To test this proposal, we combined psychophysics with magnetoencephalography (MEG) to study neural activity during illusory jitter perception. We report enhanced alpha band neural oscillations during illusory jitter perception relative to control conditions in which illusory jitter is not perceived. Although there was no physical jitter within the stimulus, there was very close agreement between the frequency of the enhanced neural oscillations (∼10 Hz) and the frequency of the illusory perceptual experience. Crucially, oscillations during illusory jitter were also enhanced relative to a physical jitter condition, during which illusory jitter was mimicked by the addition of physical jitter to the stimulus. The difference between these two conditions shows that enhanced 10 Hz oscillations during MISC are associated with illusory jitter generation rather than with jitter perception. These results suggest that MISC is generated within the cortex by a dynamic cortical feedback circuit. 
General methods
Eleven observers (aged 24–33 years, all male) participated. All were healthy and had normal or corrected-to-normal vision. 
Visual stimuli were generated using VSG2/3 (Cambridge Research System, Cambridge) and projected by a digital light processing (DLP) projector (V-1100Z; PLUS, Tokyo, Japan) onto a translucent screen (40 deg × 30 deg) located 140 cm from the observer. 
Prior to the experiments, we determined green (CIE 1931: x = 0.34, y = 0.57) luminance values, for each observer, which were subjectively equiluminant with red (CIE 1931: x = 0.65, y = 0.33, luminance = 0.87 cd/m 2) by using a minimum motion task (Anstis & Cavanagh, 1983). In the subsequent experiments, we used the average of these (across observers) to define a green luminance level (0.64 cd/m2) that, perceptually, was approximately equiluminant with red. For ease of description, we refer to conditions in which we have used this value as being either equiluminant or near equiluminant to distinguish them from conditions in which there was a substantial luminance component at otherwise chromatic boundaries. Strictly, our equiluminant conditions would have contained some luminance contrast. However, from previous work (Arnold & Johnston, 2003, 2005), we know that subjects reliably report jitter across a range of red-green luminance differences close to zero.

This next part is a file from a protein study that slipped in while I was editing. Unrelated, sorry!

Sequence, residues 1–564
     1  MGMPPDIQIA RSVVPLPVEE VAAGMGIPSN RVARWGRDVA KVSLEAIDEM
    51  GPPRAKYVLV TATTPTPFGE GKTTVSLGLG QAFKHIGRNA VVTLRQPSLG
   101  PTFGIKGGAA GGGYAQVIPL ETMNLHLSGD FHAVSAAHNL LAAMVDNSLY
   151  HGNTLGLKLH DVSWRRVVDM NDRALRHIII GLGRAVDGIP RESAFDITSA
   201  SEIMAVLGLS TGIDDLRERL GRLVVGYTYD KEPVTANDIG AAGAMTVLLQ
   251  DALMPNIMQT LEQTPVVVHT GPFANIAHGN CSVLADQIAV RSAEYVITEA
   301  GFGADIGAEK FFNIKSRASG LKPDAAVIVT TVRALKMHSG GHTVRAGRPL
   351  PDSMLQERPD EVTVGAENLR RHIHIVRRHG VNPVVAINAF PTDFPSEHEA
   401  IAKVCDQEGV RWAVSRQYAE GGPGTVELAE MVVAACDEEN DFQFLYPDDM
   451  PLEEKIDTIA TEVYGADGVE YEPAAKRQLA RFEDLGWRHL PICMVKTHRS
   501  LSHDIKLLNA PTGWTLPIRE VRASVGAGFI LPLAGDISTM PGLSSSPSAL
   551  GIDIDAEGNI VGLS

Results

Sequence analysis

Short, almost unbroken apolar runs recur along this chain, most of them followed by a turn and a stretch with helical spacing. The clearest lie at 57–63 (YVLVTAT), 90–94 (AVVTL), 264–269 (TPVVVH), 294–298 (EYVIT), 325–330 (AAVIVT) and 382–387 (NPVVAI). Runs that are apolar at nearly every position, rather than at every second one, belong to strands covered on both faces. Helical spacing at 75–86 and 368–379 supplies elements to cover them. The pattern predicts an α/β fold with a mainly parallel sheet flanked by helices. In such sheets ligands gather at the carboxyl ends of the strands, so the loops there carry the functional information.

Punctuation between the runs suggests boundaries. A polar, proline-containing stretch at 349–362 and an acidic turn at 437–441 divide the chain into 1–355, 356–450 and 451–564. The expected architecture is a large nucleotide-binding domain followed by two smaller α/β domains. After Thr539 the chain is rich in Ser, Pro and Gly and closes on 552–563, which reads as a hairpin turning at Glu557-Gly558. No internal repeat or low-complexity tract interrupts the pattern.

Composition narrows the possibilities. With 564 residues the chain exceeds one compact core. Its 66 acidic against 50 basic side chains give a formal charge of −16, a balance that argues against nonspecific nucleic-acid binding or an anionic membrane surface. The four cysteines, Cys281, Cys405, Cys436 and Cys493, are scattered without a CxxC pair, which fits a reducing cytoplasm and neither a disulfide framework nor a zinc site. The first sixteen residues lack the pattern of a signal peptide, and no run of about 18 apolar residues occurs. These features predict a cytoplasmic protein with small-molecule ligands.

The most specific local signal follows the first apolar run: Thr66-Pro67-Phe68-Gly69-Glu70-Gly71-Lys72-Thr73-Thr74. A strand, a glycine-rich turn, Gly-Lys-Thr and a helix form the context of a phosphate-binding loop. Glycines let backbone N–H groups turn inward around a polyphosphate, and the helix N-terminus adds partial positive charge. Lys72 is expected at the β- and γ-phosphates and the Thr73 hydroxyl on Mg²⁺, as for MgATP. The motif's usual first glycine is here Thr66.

In total, there were six experimental conditions. In conditions 1–3 (dark, equiluminant and bright conditions, respectively), stimuli consisted of vertical green bars (width 0.4°, height 3.0°) superimposed upon larger red squares (3 × 3°). These patterns moved together, horizontally, across a black background and were centered 3° above and below a central fixation point ( Figure 1A). The green bars were either darker than (0.19 cd/m 2 condition 1), near equiluminant with (0.64 cd/m 2, condition 2), or were brighter than (1.33 cd/m 2, condition 3) the larger red squares. 
Figure 1
 
(A–D) Stimulus configurations. (A) Conditions 1–3 (dark, equiluminant and bright conditions, respectively): red squares and superimposed vertical green bars moved together horizontally across a black background. The luminance of the green bars was either darker than (condition 1), near equiluminant with (condition 2), or brighter than (condition 3) the red squares. To reduce brain activity evoked by the sudden appearance or disappearance of the stimulus, the stimulus appeared behind a triangular window. (B) Condition 4 (parallel condition): horizontal green bars superimposed on red squares moved horizontally across a black background. In this configuration, the red-green borders were parallel to the motion direction. (C) Condition 5 (isolated condition): vertical green bars moved horizontally across a red background. (D) Condition 6 (real condition): physical jitter was added to a dark green bar to mimic illusory jitter perception with physical stimulus. In all conditions, the stimuli were presented in both upper and lower visual fields.
Figure 1